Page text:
This post is part two of a series on how to quickly upgrade your website. Don’t miss the first two posts below and be sure to download the free workbook that accompanies this series!

Post 1: Upgrade your About Page
Post 2: Upgrade your Navigation Menu (this post)
Post 3: Upgrade Your Home Page 

Your website’s main menu and page structure is one of the most critical parts of your website. It helps your customers quickly navigate around your site to find the information they need. Studies show that more than half of visitors leave a website within 15 seconds, we don’t have time to waste!

The words you use for your navigation menu should be concise and intuitive. Try to group your information into a few high-level “buckets” and do your best to not create menus with tons of links or submenus. There is so much love and labor that goes into your business, I know it can be hard to try to fit everything into just a few boxes. But the most important thing is that your website structure is organized and easy to navigate – there are plenty of other ways to pepper in the rest of your story in other areas.

When trying to devise the best navigation structure for your page, it is important to again step into the minds of your customers. Why are they visiting your site? What information will they be looking for? How can you set up your website to best accommodate these needs?

Make a list of potential visitors for your site, and identify those that are your ideal customers (the ones that will pay you :). Then write a list of tasks each visitor might want to complete on your website. After you have a better picture of who will be visiting your site and what they might be looking for, you can identify common needs and themes for your website and see how best to prioritize and organize them using the navigation structure of your site. Of course, you should also consider the main information you would like to convey through your website. If your CSA program or wedding barn rental are your main source of income, you would want those aspects to get their own pages and be prominently featured in your website design.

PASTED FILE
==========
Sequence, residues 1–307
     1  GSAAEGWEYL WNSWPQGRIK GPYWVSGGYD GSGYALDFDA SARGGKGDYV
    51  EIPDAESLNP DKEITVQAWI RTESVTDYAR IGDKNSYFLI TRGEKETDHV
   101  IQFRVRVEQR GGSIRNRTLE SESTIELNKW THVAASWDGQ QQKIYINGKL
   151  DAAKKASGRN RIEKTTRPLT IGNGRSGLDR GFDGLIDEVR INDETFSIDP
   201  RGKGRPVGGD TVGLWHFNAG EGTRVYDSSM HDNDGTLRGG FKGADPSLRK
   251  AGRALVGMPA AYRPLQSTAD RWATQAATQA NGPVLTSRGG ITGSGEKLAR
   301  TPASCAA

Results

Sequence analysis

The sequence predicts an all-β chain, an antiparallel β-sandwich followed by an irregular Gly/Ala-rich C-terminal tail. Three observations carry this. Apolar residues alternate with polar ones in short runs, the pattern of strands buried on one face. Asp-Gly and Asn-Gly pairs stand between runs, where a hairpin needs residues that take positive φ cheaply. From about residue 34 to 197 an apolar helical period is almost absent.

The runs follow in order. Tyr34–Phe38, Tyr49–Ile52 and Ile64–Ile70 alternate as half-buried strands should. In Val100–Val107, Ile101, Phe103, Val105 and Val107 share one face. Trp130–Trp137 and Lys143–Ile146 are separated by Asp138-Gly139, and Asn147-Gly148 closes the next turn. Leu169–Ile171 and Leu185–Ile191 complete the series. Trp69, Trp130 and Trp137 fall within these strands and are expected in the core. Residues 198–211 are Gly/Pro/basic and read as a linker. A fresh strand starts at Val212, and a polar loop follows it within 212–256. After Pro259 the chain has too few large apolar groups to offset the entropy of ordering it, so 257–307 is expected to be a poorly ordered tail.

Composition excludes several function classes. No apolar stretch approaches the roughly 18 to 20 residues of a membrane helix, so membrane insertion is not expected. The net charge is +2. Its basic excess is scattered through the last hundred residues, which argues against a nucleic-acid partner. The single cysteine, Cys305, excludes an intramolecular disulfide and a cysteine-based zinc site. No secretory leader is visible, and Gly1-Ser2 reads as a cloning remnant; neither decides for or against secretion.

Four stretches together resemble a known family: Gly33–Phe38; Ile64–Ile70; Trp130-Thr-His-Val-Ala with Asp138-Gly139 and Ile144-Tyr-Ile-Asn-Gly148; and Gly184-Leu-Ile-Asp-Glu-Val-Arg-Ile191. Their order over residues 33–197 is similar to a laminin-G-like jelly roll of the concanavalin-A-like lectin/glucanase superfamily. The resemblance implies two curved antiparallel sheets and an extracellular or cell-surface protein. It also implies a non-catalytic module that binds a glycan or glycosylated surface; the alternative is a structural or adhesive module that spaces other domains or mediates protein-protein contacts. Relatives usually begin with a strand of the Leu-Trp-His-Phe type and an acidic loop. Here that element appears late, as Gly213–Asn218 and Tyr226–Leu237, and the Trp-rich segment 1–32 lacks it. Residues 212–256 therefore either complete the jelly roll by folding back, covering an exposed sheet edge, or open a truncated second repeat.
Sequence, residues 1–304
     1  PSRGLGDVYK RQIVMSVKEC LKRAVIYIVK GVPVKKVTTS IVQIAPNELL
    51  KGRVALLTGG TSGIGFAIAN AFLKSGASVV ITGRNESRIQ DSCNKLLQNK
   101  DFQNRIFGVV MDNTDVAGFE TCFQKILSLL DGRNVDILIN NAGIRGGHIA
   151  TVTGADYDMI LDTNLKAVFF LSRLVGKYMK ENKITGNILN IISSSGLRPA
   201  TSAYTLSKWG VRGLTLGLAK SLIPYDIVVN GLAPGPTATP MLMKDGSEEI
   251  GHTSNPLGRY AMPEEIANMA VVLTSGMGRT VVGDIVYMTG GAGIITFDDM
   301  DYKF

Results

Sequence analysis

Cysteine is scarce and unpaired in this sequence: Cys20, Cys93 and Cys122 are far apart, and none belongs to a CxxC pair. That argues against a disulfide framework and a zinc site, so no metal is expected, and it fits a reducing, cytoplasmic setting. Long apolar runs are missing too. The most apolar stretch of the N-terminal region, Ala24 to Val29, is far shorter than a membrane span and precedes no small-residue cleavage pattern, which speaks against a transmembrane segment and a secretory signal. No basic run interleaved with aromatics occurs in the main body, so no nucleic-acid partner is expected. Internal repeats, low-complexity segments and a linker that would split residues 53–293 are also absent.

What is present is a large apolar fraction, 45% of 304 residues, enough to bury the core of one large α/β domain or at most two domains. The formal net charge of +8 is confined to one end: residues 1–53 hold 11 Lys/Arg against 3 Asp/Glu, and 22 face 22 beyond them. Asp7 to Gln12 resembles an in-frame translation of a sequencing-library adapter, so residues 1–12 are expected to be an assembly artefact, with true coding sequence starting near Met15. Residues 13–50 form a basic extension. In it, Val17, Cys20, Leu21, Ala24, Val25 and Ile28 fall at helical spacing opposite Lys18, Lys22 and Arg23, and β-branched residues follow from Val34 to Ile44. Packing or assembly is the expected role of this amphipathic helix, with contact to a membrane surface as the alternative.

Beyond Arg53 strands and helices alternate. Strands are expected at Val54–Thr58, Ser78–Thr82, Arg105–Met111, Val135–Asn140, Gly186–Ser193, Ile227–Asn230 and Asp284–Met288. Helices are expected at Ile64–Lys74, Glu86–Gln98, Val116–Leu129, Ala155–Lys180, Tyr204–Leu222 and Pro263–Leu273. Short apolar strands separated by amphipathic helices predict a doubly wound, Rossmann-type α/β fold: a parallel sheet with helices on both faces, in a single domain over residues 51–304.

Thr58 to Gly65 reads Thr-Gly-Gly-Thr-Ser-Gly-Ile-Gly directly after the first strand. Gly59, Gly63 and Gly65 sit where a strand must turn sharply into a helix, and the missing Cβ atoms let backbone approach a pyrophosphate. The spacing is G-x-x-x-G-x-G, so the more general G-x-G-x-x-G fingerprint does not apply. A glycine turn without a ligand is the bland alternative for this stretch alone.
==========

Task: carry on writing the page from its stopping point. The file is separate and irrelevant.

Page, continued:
Here is an example for a Wedding Florist-Farmer who operates a pop-up flower arranging service:

Visitors to My Website 

  • Curious Locals
  • Brides*
  • Mothers of Bride/Groom*
  • Local Media Outlets
  • Potential Employees

What Each Visitor Type is Looking To Do

Curious Locals

  • View farm location, contact info and hours
  • See if they can purchase flowers today
  • Read blog posts about organic gardening


  • Find out about booking the mobile flower bar (how much it costs and how it works)
  • Learn more about seasonal availability of flowers
  • View photos of past events
  • Read testimonials from previous brides who booked the service

Mothers of Brides/Grooms

  • Find out about booking the mobile flower bar for their child’s wedding
  • View photos of past events
  • Read testimonials from previous brides (and mothers of brides!) who booked the service

Local Media Outlets

  • Find contact information to ask you questions for an article
  • Read about your farming methods and the farm’s history

From the lists above, I can see that my website should be designed to appeal to brides and their families who might be helping them plan their wedding. It will be important for me to have areas of my website that describe how the mobile flower bar works, how much it costs and how they can get in touch with me to book an appointment. I think it would also be helpful to have an area that describes the flowers we grow and their seasonal availability, and also a place for testimonials and photos from past customers.

My draft navigation menu

– about the farmers/business
– about our fields/how we grow

how it works, prices, logistics, testimonials

Our Flowers
-seasonal availability chart

Contact Us
– contact us form, location, phone, email

– photos of past arrangements and events
– sustainable gardening tips

You can’t please everyone, so keep in mind your priority customers – the ones that will pay for your items! I know that educating the community about sustainability is an important (and admirable!) part of the mission of many farms, so if you have the room in your navigation menu, that can also get its own page, or be included on the about page of your website.

Download the Free Website Upgrade Workbook that accompanies this series!